When I got the email about the Cashmerette Webster dress, I sent it to her immediately and she was extra enthusiastic. I bought the PDF (which I rarely do, but the printed pattern wasn't available here yet and I wanted to have plenty of time) and ended up making three versions more or less back to back: a toile top made in cotton which I could use to check the fit and drape on Mum and make sure it would work in the fabric, a dress version for my holiday which I could also try on Mum to check length and so forth, and another top for me because the fabric was there and it would match the lining of my new Lupin and that would be cool. I'm going to start at the end, as I so often do, with my top.
As drafted, the top is very long; completely covering the backside and not that much shorter in the front. I get why it's drafted that way because that's how a lot of women like to wear their tops, but I do not. I made it straight up to see how it looked, laughed for about five minutes, then hacked several inches off the hem. What you see here is my version of a "long top". I made a size 12 G/H, which fits very nicely. There's a lot of ease at the waist, but that's fine for a viscose summer top.
The back detail is cute, and it's nice to be able to have a bit of strap fun when all your tops need to provide adequate bra cover. I have a pretty narrow back, so I had to shorten the straps by about an inch and a half to get them to lie flat against my skin instead of drooping awkwardly.
(I find it almost impossible to smile naturally when I'm taking pictures of myself with the remote. I try every time and it almost always looks like someone's just out of shot threatening to kill a bunny. When Patrick takes the pictures it's much easier for me to smile, but also it's a trade-off: he knows almost nothing about photography, and when I'm in my natural state rather than my posey one I have to edit around my natural lumbering posture. Sigh.)
And now the dress:
While free and floaty and full of ease is fine for a summer top, it is not fine for me for a dress. I made the straight 12 where ordinarily I would size up in the hips, and sandwiched a couple of ties in the back seam. I didn't make any changes to the length and it sits a couple of inches above the knee on me, which is perfect.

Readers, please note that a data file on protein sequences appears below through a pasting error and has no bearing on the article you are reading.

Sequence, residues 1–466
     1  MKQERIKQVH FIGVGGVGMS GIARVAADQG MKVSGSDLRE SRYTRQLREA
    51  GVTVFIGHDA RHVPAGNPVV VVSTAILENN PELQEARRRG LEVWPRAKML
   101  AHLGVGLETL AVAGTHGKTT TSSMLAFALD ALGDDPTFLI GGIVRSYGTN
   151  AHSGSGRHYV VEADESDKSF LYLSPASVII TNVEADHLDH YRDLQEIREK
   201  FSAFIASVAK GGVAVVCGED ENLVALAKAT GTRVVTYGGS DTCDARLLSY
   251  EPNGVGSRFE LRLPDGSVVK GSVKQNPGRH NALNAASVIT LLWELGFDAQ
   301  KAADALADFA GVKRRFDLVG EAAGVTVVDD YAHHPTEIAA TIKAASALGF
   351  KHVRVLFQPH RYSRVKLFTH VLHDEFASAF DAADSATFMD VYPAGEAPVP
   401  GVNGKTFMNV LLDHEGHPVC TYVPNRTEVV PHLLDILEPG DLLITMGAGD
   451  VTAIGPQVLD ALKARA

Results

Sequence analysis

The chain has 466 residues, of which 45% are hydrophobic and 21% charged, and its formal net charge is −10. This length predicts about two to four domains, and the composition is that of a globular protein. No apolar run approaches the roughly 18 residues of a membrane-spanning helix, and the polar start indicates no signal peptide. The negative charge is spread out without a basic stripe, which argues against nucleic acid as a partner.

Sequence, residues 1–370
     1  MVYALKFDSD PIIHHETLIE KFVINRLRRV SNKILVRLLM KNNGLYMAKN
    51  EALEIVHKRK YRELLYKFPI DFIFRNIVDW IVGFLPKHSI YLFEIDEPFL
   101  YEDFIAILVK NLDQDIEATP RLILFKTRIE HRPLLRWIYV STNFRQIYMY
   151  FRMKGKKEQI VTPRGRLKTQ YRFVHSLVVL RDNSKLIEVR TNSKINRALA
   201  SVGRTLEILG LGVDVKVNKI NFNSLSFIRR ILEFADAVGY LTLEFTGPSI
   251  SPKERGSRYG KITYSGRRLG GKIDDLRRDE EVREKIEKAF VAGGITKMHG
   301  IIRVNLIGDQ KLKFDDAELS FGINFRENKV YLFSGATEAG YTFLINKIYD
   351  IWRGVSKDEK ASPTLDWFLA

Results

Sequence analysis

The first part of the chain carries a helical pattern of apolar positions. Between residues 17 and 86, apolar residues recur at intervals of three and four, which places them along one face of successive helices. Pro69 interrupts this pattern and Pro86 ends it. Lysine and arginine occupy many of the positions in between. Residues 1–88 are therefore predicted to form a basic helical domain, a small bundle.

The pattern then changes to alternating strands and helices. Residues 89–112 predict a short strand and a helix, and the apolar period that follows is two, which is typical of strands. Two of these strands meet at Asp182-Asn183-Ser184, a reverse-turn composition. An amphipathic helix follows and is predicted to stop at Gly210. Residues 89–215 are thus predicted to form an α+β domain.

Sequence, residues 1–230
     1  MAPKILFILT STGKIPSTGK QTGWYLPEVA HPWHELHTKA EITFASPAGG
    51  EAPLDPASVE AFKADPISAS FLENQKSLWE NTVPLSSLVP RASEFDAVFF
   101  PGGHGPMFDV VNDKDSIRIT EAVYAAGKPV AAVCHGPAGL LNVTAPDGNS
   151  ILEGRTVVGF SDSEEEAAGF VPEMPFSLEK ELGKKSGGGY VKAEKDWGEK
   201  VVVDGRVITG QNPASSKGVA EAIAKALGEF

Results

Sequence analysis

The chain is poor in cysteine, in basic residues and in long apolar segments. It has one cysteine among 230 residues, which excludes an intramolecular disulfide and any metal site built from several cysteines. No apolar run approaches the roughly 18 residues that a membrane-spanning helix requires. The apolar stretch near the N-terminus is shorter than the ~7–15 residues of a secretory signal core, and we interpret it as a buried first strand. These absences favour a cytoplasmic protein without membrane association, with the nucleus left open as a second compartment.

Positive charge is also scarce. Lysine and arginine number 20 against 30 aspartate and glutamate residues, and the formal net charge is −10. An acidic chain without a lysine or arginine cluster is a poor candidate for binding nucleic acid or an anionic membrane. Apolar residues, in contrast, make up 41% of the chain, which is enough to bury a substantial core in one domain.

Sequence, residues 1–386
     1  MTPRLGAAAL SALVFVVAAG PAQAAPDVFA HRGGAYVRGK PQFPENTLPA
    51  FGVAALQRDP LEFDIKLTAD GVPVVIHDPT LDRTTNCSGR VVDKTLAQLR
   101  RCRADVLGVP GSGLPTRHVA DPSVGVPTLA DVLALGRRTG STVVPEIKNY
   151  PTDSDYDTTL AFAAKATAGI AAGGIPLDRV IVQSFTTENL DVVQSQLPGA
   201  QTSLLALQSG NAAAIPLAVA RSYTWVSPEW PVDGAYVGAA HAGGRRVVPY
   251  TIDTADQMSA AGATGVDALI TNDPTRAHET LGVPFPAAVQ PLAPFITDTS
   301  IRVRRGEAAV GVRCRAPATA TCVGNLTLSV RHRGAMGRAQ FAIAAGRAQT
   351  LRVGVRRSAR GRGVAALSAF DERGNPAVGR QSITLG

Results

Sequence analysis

You can see in the picture above that the way the top is made into a dress is by adding a thick band of fabric to the bottom. I do not like this. It basically cuts across the crotch at the front, which is a weird place to have a seam line and makes it look like a mistake rather than a cool detail. I don't think it'll be such a big deal for Mum because of the fabric she has, but it really bothers me on this one. Would it be possible to cut the hem bands onto the main bodice as one piece, or would that screw something else up?
Having said that, this was the perfect dress for sightseeing. Long enough to cover my longer shorts without being so long that it gets in the way while I'm walking, well-fitting at the top and otherwise nonrestrictive even with my ties, cool and breathable and just the right amount of coverage. Hem band or not, I will be taking this dress on every single holiday I go on. I was walking around on top of this mountain actively feeling grateful for it.
I just like this photo, really. Look at that view! Madeira is gorgeous.
I took both the dress and the cotton toile with me last time I visited my parents and tried them both on Mum. Overall, it was a success - she was happy with the way the cotton worked (though for a dress, I probably wouldn't go there) and really liked the style of the dress. Interestingly, the dress looks much better unbelted on her. For the final version I'll be making it an inch or two longer so it hits just below her knee like she asked for. I also won't be shortening the straps - they were straining a bit when I tried this version on her, and I think they'll work much better in the original length.
So, no more Madeira photos. Back to the palm tree next week!